Others that same night who ate bread at home in the towns – even if they had a feast – did not receive anything comparable to what this hungry crowd in the wilderness received, this crowd that had so little. Less is more with Christ.
So often in our crowd, more becomes less. More leisure. More work for more money. More shows and games at our fingertips. More interests in life. More dreams to pursue. More hobbies. More time on vacation. More and more cheap novels to read. More gardening to do. More things to buy and sell. More, more, more.
With these pleasurable snack foods and junk foods of life available in such abundance, how well do your Scriptures fare? Your Bible and your Catechism are as dusty as your salad is brown. You have more than any generation before you. And this more has brought you considerably less. Less of what is from the Lord.
Blessèd are those before us who had less. But you have the responsibility, brothers and sisters, to choose to have less. To go into the wilderness with Christ. To spend time with His Bread alone. There is no excuse.
The world’s main course is a diet of distractions – a platter of spiritually empty snacks. But you are choosing to consume it all day instead of consuming the Bread of Life – a bread that you have an abundance of time for, if you would use it.
Choose to have less, brothers and sisters – choose to do less – choose to pursue less – and have more of the abundance of the Bread of Life. Having less, when it’s with the Lord, is a more abundant feast and a more satisfying meal. You’ll truly be full.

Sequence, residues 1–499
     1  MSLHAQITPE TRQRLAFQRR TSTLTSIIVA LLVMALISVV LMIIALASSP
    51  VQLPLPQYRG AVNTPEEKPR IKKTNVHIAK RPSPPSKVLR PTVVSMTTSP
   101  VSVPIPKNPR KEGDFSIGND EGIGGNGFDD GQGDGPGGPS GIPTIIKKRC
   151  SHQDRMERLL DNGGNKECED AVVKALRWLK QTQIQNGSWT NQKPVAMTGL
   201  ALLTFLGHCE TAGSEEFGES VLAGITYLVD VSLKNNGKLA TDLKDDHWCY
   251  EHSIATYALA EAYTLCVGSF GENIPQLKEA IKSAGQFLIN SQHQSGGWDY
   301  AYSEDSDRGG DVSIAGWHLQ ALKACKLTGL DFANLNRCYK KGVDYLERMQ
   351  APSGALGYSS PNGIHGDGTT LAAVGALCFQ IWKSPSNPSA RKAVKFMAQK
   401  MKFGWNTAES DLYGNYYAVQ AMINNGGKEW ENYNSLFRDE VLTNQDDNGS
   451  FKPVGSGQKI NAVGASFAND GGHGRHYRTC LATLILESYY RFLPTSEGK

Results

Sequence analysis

There was a miraculous bread in the wilderness. And there is a bread for you. Jesus said, “the bread of God is He who comes down from heaven and gives life to the world.” “I am the bread of life; whoever comes to Me shall not hunger, and whoever believes in Me shall never thirst.” “And the bread that I will give for the life of the world is my flesh.” [John 6:33,35, 51]
Jesus became your bread by giving His life for yours on the cross. This He did for all. He gained true and abundant life for you in place of this worldly life which is really only dying. As this life become less, the life He gives becomes more. May the life He won by His death for you increase to become your true and only life.
And may His righteousness become your only righteousness. Less is more. He died for sinners. For those who have less. He becomes the “more” for those who have no goodness of their own. His righteousness becomes yours. Our best human righteousness – the best of our best – is only empty calories, tooth rotting junk food, “filthy rags”, as Scripture puts it [Isaiah 64:6].